It Looks Like a Duck, Quacks Like a Duck… But Is

Read the weekly bond market commentary from Doug Drabik.

February 11, 2019

Reports reflect that bond funds and fixed income ETFs are experiencing net inflows. The stock market has recently demonstrated much more volatility while global economies are displaying uncertainty, both contributing to a flight to quality. As such, it is important to point out that just because other products use bonds, there are many differences to how individual bonds work within an investment portfolio. Understanding the purpose of holding individual bonds goes a long way into understanding why they can be such an important investment tool for balancing your portfolio.

One of the greatest hurdles for investors seems to be the different evaluation process between products necessary to gauge value. For example, the well-known idiom for equities, “buy low, sell high” exploits how that product often times relies on price appreciation to increase its value. When you purchase a house, there is typically an expectation that when you sell the house years later, your equity will grow by an appreciated market value. We are programmed as investors to monitor, seek and use these assets as a means to grow our wealth. Therefore when monitoring individual bonds, it is not surprising that investors may desire the same.

The truth is, comparing individual bonds to equities, real estate, bond funds or bond ETFs is like comparing apples to oranges (related article: True Fixed Income – A Favored Asset Class for a Rising Interest Rate Environment). Many investors have the need to protect their wealth and/or hedge the portfolio’s growth assets. I would argue that individual bonds are tailor-made to accomplish this and price is among the least important characteristics to achieve this purpose. Among the most important features is an individual bond’s stated maturity. When an individual bond is held to maturity, the interim interest rate volatility will not alter an individual bond’s yield, cash flow or date when its face value is returned, in essence negating any price movement experienced over the holding period. As long as a bond is held to maturity, price movement is irrelevant to a bond’s performance and the ultimate price (par at maturity) is known. No product without a stated maturity can be or should be compared in the same way. The option to hold an individual bond to maturity therefore protects principal as a bond’s face value (barring default) is returned in full on its redemption date.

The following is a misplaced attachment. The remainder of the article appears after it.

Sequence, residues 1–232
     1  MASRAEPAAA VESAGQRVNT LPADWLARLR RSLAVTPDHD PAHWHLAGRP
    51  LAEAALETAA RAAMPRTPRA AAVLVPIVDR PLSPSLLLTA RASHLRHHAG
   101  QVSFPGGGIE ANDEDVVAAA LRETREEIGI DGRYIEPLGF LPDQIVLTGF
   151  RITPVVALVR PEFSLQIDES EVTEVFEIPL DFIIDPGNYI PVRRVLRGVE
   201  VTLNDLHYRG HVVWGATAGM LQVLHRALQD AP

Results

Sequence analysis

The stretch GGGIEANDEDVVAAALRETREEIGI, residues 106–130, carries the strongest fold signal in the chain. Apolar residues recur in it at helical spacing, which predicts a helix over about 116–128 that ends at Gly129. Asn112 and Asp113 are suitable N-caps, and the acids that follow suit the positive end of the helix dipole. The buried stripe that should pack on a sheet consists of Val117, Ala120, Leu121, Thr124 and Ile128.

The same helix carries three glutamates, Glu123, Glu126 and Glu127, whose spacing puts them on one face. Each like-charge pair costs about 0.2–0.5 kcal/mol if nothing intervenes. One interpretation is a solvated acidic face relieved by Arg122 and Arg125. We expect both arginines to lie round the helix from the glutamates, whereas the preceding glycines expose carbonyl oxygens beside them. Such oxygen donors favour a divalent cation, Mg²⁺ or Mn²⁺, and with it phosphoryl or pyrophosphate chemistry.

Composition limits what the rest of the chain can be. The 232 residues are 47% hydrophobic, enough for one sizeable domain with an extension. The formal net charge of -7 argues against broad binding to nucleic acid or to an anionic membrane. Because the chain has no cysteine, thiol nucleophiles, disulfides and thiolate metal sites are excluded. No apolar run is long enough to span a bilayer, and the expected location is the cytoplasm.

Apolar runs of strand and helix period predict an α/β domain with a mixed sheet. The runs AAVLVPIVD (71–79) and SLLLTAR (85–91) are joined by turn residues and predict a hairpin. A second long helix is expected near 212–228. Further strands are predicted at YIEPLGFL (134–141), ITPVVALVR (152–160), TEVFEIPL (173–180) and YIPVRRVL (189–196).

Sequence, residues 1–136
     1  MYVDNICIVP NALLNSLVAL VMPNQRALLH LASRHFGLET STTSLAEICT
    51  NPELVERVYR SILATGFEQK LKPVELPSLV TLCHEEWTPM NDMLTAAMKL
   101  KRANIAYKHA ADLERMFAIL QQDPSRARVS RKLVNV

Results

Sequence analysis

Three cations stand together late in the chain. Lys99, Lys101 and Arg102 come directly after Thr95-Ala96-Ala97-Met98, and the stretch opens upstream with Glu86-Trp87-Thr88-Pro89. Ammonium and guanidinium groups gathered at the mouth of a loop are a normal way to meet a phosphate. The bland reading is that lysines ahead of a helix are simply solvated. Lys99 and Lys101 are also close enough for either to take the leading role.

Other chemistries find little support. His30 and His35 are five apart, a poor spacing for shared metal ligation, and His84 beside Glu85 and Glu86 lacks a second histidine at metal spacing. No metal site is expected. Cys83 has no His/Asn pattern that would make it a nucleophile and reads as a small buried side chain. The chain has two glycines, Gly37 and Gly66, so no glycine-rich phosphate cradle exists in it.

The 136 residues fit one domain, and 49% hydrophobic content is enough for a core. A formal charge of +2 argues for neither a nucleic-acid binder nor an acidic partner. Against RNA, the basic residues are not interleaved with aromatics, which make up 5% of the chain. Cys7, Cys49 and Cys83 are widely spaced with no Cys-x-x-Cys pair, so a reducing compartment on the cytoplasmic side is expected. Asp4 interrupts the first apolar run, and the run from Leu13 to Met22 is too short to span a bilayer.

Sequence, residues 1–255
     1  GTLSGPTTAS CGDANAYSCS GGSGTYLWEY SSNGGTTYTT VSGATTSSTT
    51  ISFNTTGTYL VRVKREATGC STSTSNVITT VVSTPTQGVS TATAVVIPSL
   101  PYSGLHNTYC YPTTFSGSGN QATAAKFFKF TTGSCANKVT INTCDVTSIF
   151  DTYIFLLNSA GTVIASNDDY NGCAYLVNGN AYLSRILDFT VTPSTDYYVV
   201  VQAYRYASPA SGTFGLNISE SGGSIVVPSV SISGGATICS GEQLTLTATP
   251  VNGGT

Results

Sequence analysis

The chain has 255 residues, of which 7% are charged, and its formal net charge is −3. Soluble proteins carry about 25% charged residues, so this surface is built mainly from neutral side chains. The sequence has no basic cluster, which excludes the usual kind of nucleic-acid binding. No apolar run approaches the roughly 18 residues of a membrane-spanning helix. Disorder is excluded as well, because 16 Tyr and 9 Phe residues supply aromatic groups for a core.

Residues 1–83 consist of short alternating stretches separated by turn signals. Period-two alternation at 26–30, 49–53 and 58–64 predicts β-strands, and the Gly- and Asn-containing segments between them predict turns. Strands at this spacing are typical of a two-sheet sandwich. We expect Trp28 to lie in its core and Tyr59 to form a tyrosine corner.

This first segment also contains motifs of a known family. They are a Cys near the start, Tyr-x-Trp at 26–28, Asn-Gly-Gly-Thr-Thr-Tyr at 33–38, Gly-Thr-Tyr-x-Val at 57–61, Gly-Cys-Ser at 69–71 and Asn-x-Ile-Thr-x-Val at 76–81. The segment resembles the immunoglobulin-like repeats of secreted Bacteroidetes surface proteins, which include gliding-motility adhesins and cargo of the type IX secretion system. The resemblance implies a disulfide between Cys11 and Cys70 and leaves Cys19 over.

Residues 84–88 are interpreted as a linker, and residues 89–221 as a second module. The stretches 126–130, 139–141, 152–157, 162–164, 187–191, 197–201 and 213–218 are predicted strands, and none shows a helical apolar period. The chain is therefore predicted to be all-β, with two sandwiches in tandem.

In addition, individual bonds allow investors to customize strategies for desired cash flow stream, maturity schedule and credit profile. There are products that use bonds or even have some of the features, but no matter how they look or quack, these products are not individual bonds. 


To learn more about the risks and rewards of investing in fixed income, please access the Securities Industry and Financial Markets Association’s “Learn More” section of investinginbonds.com, FINRA’s “Smart Bond Investing” section of finra.org, and the Municipal Securities Rulemaking Board’s (MSRB) Electronic Municipal Market Access System (EMMA) “Education Center” section of emma.msrb.org.

The author of this material is a Trader in the Fixed Income Department of Raymond James & Associates (RJA), and is not an Analyst. Any opinions expressed may differ from opinions expressed by other departments of RJA, including our Equity Research Department, and are subject to change without notice. The data and information contained herein was obtained from sources considered to be reliable, but RJA does not guarantee its accuracy and/or completeness. Neither the information nor any opinions expressed constitute a solicitation for the purchase or sale of any security referred to herein. This material may include analysis of sectors, securities and/or derivatives that RJA may have positions, long or short, held proprietarily. RJA or its affiliates may execute transactions which may not be consistent with the report’s conclusions. RJA may also have performed investment banking services for the issuers of such securities. Investors should discuss the risks inherent in bonds with their Raymond James Financial Advisor. Risks include, but are not limited to, changes in interest rates, liquidity, credit quality, volatility, and duration. Past performance is no assurance of future results.

By | 2019-02-11T16:21:44+00:00 February 11th, 2019|Bond Market, Latest Articles|